Bourbon's one of those subjects that tends to inspire strong opinions. Maybe it's the effect of the bourbon itself, but there are some bourbon extremists who claim that the very existence of the United States as a sovereign nation owes something to corn liquor.
We'll stay out of that debate, but it can't be denied that bourbon whiskey is the U.S.'s only native spirit, made as it is from corn, rye (or sometimes wheat) and malt (also known as yeast).
Bourbon's definition, and how it differs from other whiskies, is the source of some confusion, so we'll start with the basics: Bourbon is a whiskey (not "whisky," which is the Scottish spelling — although Maker's Mark does spell its name "whisky" because it uses a process similar to that of Scotch) that is made with at least 51% corn. It must be aged in new white oak barrels that have never been used before, the insides of which get charred with a torch before being filled with the liquor for aging. In order for a drink to be called bourbon, it can't have any flavor or color additives: just corn, water, wheat or rye, malt, and the coloring effects of the inside of a charred oak barrel. Finally, bourbon has to be between 80 and 160 proof (although, very few clock in above 130).
Now that you have the basic definition down, here are five things you didn't know about bourbon.
1- Bourbon can be made anywhere in the world
Many people assume that because bourbon is named after Bourbon County, Kentucky, where it was first made in the 1800s, that it must be made in Kentucky to be called bourbon. After all, isn't Jack Daniel's basically the same thing, only it's made in Tennessee? That's a common misconception. Whiskey can be called bourbon no matter where in the world it's made — it just has to be made according to the rules we laid out above. So why is JD's not bourbon? Because it's filtered through maple wood charcoal before being aged in oak barrels, which is an extra step that isn't included in making bourbon.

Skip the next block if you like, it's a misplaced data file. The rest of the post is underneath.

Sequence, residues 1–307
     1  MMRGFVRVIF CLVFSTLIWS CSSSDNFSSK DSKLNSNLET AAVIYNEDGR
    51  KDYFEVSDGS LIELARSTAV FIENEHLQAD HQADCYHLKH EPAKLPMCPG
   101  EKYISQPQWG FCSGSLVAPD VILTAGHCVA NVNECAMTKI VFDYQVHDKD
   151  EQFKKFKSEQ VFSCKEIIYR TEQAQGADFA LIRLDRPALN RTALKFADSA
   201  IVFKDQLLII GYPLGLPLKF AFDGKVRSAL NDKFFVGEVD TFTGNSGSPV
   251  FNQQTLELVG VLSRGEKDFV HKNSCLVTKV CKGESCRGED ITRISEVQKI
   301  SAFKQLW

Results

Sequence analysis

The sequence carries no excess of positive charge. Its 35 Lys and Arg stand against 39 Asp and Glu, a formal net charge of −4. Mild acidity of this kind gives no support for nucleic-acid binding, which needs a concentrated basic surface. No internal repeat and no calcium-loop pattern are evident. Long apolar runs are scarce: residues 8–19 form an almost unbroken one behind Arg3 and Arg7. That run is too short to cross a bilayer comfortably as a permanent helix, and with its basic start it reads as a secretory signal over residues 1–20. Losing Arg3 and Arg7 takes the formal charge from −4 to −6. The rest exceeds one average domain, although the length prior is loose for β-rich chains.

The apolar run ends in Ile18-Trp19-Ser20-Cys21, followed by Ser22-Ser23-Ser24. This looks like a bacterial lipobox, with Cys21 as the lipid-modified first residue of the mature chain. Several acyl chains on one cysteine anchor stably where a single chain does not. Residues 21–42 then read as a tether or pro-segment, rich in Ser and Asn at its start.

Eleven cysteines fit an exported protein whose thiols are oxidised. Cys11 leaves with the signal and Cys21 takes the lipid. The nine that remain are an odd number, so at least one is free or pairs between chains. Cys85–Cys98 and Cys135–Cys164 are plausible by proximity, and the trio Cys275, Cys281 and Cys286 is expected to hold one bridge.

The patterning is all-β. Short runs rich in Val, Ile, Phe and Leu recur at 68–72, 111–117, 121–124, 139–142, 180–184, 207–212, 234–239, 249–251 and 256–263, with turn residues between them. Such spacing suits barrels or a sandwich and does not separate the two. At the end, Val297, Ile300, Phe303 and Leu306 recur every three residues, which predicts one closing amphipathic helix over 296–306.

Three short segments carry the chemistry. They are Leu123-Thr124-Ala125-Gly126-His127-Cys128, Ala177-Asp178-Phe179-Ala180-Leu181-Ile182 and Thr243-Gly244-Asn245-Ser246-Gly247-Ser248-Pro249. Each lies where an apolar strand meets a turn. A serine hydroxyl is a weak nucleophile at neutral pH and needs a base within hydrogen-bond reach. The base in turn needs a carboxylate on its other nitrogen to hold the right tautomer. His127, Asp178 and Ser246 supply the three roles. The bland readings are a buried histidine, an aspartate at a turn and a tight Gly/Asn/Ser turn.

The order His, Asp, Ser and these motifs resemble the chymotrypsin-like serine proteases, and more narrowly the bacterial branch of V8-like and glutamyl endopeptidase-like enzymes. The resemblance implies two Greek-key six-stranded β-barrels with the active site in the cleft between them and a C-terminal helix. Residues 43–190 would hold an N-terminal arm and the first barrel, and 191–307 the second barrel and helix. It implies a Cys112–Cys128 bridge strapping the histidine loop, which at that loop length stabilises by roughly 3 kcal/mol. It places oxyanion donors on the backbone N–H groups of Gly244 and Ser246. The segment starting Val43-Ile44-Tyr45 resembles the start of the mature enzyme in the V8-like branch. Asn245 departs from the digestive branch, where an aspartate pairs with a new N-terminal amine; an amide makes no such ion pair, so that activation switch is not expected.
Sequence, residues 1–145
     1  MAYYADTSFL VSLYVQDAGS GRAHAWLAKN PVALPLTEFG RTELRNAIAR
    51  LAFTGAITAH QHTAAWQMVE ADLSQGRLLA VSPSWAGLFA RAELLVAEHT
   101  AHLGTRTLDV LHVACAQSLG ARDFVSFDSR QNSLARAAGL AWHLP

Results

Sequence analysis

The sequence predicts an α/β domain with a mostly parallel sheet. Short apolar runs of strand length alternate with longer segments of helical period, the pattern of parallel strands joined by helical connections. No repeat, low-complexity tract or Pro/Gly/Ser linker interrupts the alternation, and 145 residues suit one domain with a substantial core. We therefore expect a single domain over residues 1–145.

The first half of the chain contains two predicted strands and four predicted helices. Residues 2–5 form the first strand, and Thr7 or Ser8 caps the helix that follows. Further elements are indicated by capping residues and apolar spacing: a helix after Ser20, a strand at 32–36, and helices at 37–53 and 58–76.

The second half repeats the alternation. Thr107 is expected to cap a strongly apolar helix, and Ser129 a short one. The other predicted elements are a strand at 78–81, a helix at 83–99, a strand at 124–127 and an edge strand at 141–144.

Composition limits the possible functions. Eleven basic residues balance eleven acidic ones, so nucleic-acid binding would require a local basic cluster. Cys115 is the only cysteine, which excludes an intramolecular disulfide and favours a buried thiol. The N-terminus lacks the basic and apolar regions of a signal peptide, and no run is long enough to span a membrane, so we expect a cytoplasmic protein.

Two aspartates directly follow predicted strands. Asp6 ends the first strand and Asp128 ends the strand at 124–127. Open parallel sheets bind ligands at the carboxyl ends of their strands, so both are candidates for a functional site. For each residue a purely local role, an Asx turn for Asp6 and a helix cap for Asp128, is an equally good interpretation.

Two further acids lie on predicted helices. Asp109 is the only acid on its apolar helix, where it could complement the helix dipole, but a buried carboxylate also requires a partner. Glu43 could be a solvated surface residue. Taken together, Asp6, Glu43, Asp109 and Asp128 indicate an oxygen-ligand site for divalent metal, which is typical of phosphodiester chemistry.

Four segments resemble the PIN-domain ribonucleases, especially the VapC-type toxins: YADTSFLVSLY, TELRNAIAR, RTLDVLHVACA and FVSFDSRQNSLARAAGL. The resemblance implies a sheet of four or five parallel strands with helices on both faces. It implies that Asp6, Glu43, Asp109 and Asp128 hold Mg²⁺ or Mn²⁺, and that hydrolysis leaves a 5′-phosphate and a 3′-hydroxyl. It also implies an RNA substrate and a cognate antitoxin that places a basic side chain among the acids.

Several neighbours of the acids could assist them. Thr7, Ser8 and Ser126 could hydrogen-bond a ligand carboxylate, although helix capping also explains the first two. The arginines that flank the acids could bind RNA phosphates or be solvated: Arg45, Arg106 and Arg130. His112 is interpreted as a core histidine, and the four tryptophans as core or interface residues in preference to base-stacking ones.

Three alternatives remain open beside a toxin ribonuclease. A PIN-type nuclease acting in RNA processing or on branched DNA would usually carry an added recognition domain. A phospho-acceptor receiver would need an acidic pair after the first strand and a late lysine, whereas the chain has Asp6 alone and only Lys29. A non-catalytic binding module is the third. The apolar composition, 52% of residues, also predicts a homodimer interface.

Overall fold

2- Bourbon distillers can only use their barrels once
When bourbon distillers are done with the barrels they use to age the bourbon, they are reused to age other non-bourbon whiskys. Reusing the barrels makes sense, because they cost around $120 each. For example, Maker's Mark and Jim Beam send some of their barrels across the Atlantic to Scotland, where they're used to age Laphroaig single malt Scotch.
3- The official mint julep of the Kentucky Derby is not made with bourbon
Although virtually every mint julep recipe on earth calls for bourbon, the official julep of the Derby uses Early Times whiskey. Early Times is aged in the barrels second-hand barrels passed down from the Old Forester bourbon distillery, so it's not actually a bourbon.
More From AskMen.com:
4- The weather during the aging process affects bourbon's taste
During aging, bourbon-filled barrels are kept in big, multi-storey warehouses called rickhouses. Rickhouses are very rarely climate-controlled, and depending on the outside weather, the wood barrels expand and contract, imparting different types of flavor into the liquor. The hotter the weather, the more the pores of the wood open up and impart their flavor — as a result, barrels stored on the top floor of the rickhouse, where it's hotter, will have a slightly different flavor than those stored on the bottom floor.
5- During World War II, bourbon distilleries were converted to make fuel alcohol and penicillin
Bourbon distilleries were shut down during Prohibition (which lasted from 1920 to 1933), and they barely had the chance to get back up and running when World War II started and the distilleries were repurposed to make recently invented penicillin. Penicillin is a product of fermentation, so distilleries were a natural choice for places to make it in mass quantities. Because of these historical disruptions to bourbon production, the market for the spirit didn't pick up again until the late 1980s.